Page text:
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Life In The Deepest Places Of Our Ocean

Life In The Deepest Places Of Our Ocean
The remotely operated vehicles ROPOS (“the world’s most capable scientific submersible”) will be deployed from the R/V Falkor and used by the science team to explore the deep-sea hydrothermal vents.
April 26
15:47 2016

On April 29, all eyes will be on the deep seafloor between Fiji and the Kingdom of Tonga.

Fish Eye Project’s Mike Irvine, Pennsylvania State University researcher Cherisse Du Preez, and University of Victoria researcher Rachel Boschen will explore hydrothermal vents in the Lau Basin 2 to 3 km underwater.

Irvine and Boschen will host a two way ship-to-shore between educators and students participating in Ocean Networks Canada’s Ocean Science Symposium at the University of Victoria and Du Preez and ROPOS on the research vessel Falkor.

The project is backed by Eric Schmidt, one of the world’s richest businessmen who Forbes ranked as the 100th-richest person in the world this year.

Mr Schmidt, the former Google CEO, created the Schmidt Ocean Institute 2009, along with his wife Wendy Schmidt.

The institute was to enable research that expands understanding of the world’s ocean using advanced technology, intelligent observation, and the open sharing of information.

Among the public participants, and no stranger to adventures on the high seas, are Baobab Marine Fiji and their yacht community affiliates and friends.

The ocean is for everyone and this all inclusive event proudly invites all ocean enthusiasts to join.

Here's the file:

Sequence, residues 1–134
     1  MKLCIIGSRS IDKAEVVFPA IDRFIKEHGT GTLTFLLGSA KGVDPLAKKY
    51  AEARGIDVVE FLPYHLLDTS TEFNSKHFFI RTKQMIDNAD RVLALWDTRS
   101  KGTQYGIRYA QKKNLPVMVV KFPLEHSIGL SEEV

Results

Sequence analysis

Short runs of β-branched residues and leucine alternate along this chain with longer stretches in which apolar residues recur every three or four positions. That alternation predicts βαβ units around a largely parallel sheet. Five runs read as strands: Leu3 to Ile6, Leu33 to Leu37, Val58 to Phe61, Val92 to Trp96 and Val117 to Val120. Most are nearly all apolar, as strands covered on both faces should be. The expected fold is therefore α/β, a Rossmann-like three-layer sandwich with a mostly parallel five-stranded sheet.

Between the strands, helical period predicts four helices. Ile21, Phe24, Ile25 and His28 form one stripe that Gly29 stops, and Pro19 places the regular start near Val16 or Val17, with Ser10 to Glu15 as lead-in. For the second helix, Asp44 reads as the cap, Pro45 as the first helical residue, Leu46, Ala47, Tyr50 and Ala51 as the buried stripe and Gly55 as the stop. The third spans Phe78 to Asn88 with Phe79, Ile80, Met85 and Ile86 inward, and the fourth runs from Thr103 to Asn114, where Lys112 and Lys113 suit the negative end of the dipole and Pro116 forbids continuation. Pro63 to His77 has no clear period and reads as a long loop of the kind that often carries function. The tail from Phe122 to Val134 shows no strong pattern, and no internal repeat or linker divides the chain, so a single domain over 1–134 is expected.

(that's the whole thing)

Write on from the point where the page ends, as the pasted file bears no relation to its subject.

We know more about the surface of the moon than we do the deepest parts of our oceans, yet the deep sea represents 80% of the habitable area of the planet.

Despite crushing depths, the deep sea supports unique oases of life next to super-heated vent water, reaching temperatures over 640°F.

“There is one moment where it is all black and then suddenly there they are, these giant chimneys covered in life. You know you are probably the first to see this, and in that moment of discovery, you realise that there are still places on this planet that we haven’t explored.” – Rachel Boschen

Living at these hot vents means carefully navigating through super-heated, acidic water at high pressure to find food and survive, all in complete darkness.

The Western Pacific back-arc basins’ ‘Ring of Fire’ hosts unique hydrothermal vent communities with species found nowhere else.

Sites like these are thought to be the origin of all life on Earth, existing independently of sunlight. Instead, the food web is based on tiny chemosynthetic microbes (bacteria) which derive their energy from chemicals in the super-heated water.

Join a team of international scientists and ocean enthusiasts exploring vent life to better understand these remote environments in the face of a changing ocean (notably: deep sea mining in the dive region) .


Angel Du Preez is a seasoned yacht crew member and newly appointed superyacht agent in Fiji at Baobab Marine. Baobab is volunteering support to help promote the ship from the shoreside to gain a wider audience and promote the education of the deep-sea.


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